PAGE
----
May 30, 2019

SCREEN | 93 'Til – You'll 'Always Be My Maybe' on Netflix

"I missed your taste."
Ali Wong Randall Park | Netflix Always Be My Maybe

There's a specificity to Always Be My Maybe, written and produced by Asian-American comedians and longtime real-life friends Ali Wong and Randall Park, that makes the romantic comedy so refreshingly charming. Clearly influenced by the pair's own experiences, its Asian quality isn't really essential to its humour but enhanced by it thanks to the duo's natural chemistry.

Directed by Fresh Off the Boat showrunner Nahnatchka Khan and set in San Francisco—but filmed in Vancouver, of course—Maybe takes many of its cues from throwback Bay Area hip-hop to quickly establish the film's mood and feel. Wong plays a celebrity chef, Sasha, and Park an aimless stoner musician/repairman, Marcus, who still lives and works with his father. The contrast in their lives after being childhood best friends is used to mine some easy but welcome laughs.

The rest of the cast is fleshed out other comedic contemporaries—stand-up Michelle Buteau is aces as Sasha's sidekick—but highlighted and enhanced by the likes of Daniel Dae Kim and a wild turn by Keanu Reeves both riffing on the stereotypical bad rich boyfriend and crazy new lover archetypes. Veteran actor James Saito is another particular standout as Marcus' offbeat blue-collar father.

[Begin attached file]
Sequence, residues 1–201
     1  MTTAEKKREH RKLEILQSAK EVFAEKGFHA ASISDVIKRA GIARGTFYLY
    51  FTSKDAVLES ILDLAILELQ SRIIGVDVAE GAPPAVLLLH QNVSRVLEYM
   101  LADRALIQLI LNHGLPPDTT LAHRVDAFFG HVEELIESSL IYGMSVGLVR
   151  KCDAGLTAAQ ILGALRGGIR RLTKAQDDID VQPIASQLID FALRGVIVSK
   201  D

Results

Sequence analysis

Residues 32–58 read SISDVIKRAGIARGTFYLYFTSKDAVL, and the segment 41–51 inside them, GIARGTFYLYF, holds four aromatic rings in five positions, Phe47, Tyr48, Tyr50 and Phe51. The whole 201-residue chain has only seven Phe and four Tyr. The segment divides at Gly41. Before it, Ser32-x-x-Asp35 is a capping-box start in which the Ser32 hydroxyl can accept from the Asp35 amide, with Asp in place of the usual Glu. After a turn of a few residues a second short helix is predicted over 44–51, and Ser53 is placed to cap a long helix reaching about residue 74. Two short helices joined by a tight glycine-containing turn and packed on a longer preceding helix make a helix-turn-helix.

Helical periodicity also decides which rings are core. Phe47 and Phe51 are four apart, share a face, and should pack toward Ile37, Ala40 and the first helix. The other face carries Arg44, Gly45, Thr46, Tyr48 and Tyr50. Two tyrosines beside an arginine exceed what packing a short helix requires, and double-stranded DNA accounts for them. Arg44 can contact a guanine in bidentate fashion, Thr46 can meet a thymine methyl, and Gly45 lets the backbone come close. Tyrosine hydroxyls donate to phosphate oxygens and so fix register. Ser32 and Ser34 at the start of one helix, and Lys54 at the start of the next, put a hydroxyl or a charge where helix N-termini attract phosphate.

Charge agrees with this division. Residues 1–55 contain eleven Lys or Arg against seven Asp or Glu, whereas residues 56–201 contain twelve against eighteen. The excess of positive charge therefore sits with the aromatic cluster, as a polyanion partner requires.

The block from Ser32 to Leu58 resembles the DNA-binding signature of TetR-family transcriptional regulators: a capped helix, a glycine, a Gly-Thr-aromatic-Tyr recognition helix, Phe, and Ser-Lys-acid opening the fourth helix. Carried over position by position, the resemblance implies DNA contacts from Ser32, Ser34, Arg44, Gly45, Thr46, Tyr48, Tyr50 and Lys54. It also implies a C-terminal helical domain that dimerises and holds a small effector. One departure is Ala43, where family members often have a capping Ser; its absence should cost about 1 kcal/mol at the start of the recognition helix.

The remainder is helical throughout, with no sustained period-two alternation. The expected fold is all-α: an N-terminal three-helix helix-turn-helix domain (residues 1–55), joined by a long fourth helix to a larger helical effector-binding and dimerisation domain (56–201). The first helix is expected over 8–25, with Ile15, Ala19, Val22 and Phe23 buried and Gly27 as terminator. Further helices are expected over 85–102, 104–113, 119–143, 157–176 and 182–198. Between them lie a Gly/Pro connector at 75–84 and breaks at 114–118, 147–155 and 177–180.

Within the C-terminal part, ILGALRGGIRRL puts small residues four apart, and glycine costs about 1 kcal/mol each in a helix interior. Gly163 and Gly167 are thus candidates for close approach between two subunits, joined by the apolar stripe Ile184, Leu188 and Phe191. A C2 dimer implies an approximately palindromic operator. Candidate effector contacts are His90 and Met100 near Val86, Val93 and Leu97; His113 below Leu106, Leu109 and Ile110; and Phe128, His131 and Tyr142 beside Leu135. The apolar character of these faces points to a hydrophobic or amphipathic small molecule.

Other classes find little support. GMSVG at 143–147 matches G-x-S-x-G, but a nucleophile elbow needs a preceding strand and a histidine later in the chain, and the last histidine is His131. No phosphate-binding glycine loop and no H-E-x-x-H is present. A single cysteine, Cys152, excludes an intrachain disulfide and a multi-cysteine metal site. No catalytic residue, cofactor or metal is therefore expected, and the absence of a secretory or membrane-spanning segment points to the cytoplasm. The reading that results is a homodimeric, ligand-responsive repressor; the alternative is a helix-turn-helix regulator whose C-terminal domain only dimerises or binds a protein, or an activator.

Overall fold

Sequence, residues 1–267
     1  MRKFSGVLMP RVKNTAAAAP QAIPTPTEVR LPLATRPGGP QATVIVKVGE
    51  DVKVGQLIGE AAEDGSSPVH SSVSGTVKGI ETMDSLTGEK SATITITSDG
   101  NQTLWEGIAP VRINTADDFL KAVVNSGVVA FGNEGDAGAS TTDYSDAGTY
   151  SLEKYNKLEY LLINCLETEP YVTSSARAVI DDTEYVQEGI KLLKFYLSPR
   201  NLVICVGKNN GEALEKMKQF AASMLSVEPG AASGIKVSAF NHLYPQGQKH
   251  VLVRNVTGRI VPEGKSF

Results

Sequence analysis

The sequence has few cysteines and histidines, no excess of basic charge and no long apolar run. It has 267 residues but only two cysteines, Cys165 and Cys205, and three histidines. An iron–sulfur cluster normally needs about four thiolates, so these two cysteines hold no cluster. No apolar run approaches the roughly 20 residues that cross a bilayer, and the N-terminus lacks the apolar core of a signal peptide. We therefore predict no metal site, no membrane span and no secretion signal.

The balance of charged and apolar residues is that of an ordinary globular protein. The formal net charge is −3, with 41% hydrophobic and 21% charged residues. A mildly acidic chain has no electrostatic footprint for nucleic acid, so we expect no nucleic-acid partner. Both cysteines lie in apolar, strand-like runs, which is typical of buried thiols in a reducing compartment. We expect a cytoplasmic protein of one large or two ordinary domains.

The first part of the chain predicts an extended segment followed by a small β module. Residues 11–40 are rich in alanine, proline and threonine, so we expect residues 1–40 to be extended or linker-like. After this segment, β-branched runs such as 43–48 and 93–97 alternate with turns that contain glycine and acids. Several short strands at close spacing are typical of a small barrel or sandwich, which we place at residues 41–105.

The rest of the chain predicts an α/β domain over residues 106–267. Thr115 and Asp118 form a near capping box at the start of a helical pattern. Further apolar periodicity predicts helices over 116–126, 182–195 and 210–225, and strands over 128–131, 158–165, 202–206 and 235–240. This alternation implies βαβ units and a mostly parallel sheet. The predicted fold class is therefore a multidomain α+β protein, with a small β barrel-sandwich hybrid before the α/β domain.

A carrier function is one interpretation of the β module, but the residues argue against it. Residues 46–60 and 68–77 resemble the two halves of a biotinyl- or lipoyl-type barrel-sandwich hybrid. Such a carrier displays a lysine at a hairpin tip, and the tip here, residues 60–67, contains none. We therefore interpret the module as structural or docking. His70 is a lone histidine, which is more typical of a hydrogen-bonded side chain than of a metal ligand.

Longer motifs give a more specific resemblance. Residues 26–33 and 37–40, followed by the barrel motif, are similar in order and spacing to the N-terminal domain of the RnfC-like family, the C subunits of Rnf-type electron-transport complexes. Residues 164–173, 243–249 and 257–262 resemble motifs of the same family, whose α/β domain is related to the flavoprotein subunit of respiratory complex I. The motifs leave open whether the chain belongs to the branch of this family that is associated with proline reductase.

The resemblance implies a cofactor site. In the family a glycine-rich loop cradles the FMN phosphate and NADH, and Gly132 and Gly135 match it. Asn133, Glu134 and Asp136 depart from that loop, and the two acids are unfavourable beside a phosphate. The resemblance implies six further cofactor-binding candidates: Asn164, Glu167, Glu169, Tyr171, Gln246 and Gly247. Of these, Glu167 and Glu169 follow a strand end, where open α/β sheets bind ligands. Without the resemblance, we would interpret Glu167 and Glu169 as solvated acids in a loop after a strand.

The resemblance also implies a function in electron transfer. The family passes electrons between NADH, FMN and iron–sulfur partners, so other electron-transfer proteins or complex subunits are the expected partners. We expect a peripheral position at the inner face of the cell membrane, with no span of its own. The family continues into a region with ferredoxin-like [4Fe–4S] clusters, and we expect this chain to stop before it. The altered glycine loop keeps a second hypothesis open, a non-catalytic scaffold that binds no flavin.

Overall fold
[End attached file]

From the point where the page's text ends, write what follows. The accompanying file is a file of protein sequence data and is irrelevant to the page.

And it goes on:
Ali Wong Randall Park | Netflix Always Be My Maybe

Wong, Park, and Michael Golamco's breezy script leaves a lot of room for the central performances to carry the focus of the film forward. There's not too much to the story with the usual fast setup to establish our pair's history, split them up, then reacquaint them before dialling up any rekindled romance and tension. Khan's direction is fairly basic with a bright, standard quality sheen.

Maybe makes a solid counterpoint to the opulence and international quality of Crazy Rich Asians with a much smaller, more personal story about Asian-American families that could really be about any first-generation Americans. Once the setup is established and we start to follow Sasha and Marcus as adult friends, their antics escalate the humour in a hysterical fashion.

Wong and Park make Always Be My Maybe more than the standard rom-com fare with their sparkling chemistry. Their Chinese-Vietnamese-Korean-American cultural backgrounds only further enhance and heighten the film's heartfelt appeal with an effortless charm. It's a fine twist on the formulaic romantic comedy genre while still very much adhering to its conventions.

Always Be My Maybe is available to stream on Netflix.

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